But when the unexpected happens, an emergency fund makes all the difference. 

"One of the biggest mistakes people often make is not having an emergency fund or financial buffer," Crous says. 

"Unexpected events like illness, job loss, changes in your relationship or family circumstances can happen at any time. None of us are immune – sadly 2020 taught us that.


"So having money for a rainy day like an emergency fund or financial buffer can offer us some certainty and peace of mind during those stressful times. A rule of thumb often cited is to have an emergency fund equal to at least three months’ worth of expenses. So think about what helps you sleep at night, is it a dollar figure, or amount equivalent to a few months’ income or expenses? 

"Unexpected events like illness, job loss, changes in your relationship or family circumstances can happen at any time." Image: Getty.

"At first it might seem like a stretch, but if you start to put aside a little bit consistently, you’ll get there."

Plan for your 'One Day'

As with anything in life, we should all have goals when it comes to our money. That involves planning for both the short and long term - in more concrete terms than simply 'one day I want to be a trillionaire' (sorry, young Clare, that's looking increasingly less likely). 

Most financial institutions have tools available to help you create financial goals, make the most of your money, and set up your retirement. The CommBank app, for example, has a spend tracker, transaction notifications, a goal tracker, bill predictor and a cash flow view. 


Think long term, and look into what your financial institution has to keep you on track.

Know what a healthy and respectful money relationship looks like

Whether you're married, in a long-term relationship, or have just started seeing someone new, there is no single right way to manage your money as a couple. 

"Our relationships can sometimes impact our financial wellbeing and while it can be difficult to talk about money with your partner, it’s necessary and important," Crous says.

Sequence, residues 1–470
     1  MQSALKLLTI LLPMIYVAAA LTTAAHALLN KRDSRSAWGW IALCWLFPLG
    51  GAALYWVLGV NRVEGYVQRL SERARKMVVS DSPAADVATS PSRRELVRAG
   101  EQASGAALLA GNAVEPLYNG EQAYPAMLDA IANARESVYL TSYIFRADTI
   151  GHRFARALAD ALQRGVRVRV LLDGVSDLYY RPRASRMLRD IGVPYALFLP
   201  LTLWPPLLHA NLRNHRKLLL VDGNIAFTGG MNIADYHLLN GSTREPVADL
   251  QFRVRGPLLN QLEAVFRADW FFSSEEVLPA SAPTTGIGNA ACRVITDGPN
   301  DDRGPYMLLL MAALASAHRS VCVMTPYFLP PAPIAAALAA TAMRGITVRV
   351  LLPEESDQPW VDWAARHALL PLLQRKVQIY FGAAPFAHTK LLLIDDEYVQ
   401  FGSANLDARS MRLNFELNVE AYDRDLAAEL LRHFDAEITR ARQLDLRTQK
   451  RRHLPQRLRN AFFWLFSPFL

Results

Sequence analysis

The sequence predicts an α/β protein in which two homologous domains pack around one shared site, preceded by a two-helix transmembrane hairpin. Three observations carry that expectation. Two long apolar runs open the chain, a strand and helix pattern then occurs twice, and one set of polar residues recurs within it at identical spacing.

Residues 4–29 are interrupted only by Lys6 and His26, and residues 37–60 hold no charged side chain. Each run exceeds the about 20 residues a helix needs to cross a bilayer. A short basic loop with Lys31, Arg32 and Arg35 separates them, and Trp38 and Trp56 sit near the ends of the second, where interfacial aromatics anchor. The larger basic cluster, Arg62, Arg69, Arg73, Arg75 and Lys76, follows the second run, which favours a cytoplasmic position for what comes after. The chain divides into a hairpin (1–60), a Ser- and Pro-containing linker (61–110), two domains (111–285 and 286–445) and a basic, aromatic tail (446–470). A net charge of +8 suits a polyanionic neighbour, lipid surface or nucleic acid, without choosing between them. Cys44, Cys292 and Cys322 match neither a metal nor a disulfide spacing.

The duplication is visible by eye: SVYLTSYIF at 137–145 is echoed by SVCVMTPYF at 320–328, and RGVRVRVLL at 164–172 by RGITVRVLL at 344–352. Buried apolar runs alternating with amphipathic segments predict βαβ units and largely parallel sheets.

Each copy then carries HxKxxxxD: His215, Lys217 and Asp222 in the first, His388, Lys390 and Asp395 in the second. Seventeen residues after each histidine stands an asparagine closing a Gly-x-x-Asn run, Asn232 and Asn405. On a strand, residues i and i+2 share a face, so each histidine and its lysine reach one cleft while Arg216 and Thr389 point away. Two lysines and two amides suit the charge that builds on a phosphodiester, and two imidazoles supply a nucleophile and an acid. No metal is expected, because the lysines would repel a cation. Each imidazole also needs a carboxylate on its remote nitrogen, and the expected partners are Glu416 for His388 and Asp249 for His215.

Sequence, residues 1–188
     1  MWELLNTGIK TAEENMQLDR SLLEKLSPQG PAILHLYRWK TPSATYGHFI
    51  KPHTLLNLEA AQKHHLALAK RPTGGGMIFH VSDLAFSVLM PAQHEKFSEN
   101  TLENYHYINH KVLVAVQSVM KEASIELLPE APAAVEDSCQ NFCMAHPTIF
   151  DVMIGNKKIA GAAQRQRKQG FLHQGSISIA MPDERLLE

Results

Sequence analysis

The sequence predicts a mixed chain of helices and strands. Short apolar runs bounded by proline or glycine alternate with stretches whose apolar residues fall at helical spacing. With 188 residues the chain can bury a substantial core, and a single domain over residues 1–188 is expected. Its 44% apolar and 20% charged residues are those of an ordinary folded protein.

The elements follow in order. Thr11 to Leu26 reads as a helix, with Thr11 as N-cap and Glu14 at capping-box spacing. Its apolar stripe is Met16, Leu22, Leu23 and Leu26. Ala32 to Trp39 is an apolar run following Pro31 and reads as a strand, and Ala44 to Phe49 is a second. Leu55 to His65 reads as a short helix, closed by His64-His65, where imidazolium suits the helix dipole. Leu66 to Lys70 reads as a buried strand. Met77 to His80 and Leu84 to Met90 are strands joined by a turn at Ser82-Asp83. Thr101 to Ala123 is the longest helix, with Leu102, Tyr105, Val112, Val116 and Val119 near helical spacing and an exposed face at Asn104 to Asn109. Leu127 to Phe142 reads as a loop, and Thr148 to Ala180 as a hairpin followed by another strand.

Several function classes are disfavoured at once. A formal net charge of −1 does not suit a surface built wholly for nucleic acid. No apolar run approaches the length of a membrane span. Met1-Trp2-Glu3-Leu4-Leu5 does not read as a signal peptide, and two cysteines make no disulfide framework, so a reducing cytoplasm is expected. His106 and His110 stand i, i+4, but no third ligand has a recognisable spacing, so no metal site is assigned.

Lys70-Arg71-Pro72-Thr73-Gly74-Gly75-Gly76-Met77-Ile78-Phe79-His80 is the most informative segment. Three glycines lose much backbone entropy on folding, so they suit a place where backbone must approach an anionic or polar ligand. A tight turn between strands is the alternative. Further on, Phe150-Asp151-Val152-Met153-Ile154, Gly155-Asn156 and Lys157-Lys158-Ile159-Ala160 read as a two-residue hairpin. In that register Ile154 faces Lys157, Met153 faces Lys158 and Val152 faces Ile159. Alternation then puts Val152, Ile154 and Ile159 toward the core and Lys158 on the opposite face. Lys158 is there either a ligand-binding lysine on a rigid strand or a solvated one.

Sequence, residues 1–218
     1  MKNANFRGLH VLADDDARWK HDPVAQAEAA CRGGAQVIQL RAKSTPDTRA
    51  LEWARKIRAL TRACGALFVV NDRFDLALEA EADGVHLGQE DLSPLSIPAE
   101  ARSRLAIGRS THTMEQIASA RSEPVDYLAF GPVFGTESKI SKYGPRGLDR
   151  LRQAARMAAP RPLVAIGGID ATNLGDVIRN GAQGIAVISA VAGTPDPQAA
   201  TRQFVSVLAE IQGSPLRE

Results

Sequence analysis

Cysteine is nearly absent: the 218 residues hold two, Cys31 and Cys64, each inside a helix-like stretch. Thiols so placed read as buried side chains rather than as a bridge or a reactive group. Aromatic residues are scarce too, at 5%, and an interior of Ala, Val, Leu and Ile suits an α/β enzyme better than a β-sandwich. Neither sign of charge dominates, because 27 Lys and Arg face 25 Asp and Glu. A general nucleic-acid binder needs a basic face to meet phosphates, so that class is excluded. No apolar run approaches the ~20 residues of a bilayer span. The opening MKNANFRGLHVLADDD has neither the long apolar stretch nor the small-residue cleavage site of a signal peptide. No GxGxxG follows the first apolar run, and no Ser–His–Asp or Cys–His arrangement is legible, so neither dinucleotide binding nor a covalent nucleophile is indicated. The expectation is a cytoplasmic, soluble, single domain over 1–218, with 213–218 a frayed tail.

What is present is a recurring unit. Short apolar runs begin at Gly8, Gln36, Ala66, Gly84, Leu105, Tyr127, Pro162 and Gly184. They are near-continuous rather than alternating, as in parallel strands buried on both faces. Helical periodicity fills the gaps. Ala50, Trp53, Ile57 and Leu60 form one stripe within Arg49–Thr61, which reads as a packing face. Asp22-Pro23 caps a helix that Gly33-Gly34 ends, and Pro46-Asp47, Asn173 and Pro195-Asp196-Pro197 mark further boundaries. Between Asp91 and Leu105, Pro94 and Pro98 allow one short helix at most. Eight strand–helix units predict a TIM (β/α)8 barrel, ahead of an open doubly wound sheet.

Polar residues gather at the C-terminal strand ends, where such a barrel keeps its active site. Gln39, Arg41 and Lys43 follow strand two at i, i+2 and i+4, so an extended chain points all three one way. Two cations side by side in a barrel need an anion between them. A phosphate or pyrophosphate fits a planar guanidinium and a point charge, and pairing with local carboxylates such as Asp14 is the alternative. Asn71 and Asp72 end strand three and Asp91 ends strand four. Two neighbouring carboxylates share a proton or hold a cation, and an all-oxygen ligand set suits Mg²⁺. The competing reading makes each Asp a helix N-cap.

"Every relationship is different and there is no one right way to manage your money when you’re in a relationship.

"We bring different views and attitudes towards our finances, that’s why it’s important to have regular, open and respectful conversations about money. No matter how you decide to manage your money as a couple, both partners should have an equal voice in decision making, be transparent and share information. And this should be the same for financial decisions and responsibilities."

Understand financial abuse

As I touched on earlier, financial abuse is a very real and very dangerous tactic used by abusers. Understanding and knowing the signs of financial abuse is crucial, because it allows you to take the necessary steps to keep yourself safe. 

"It’s important to recognise when a relationship might deteriorate into something unhealthy or unsafe," Crous says. 

The contact list anyone leaving an abusive relationship should have.

"Despite its prevalence, financial abuse can be difficult to recognise. That’s why we should all understand the warning signs of financial abuse and stay vigilant. Commonwealth Bank has developed several useful guides to help anyone wanting to know more about financial abuse."

Tap into the experts

Don't be afraid to ask for help.

There are people whose whole job is to help lay people understand money! 

"When it comes to money basics, a little understanding can go a long way," Crous says. "It helps to do your research and ask questions; whether that be speaking to your financial institution, a professional financial adviser or using online resources like ASIC’s Money Smart website."

If you are experiencing domestic violence, please know that support is available. Call the National Sexual Assault and Domestic Family Violence Counselling Service, 1800 RESPECT, on 1800 737 732. If you are in immediate danger, call 000.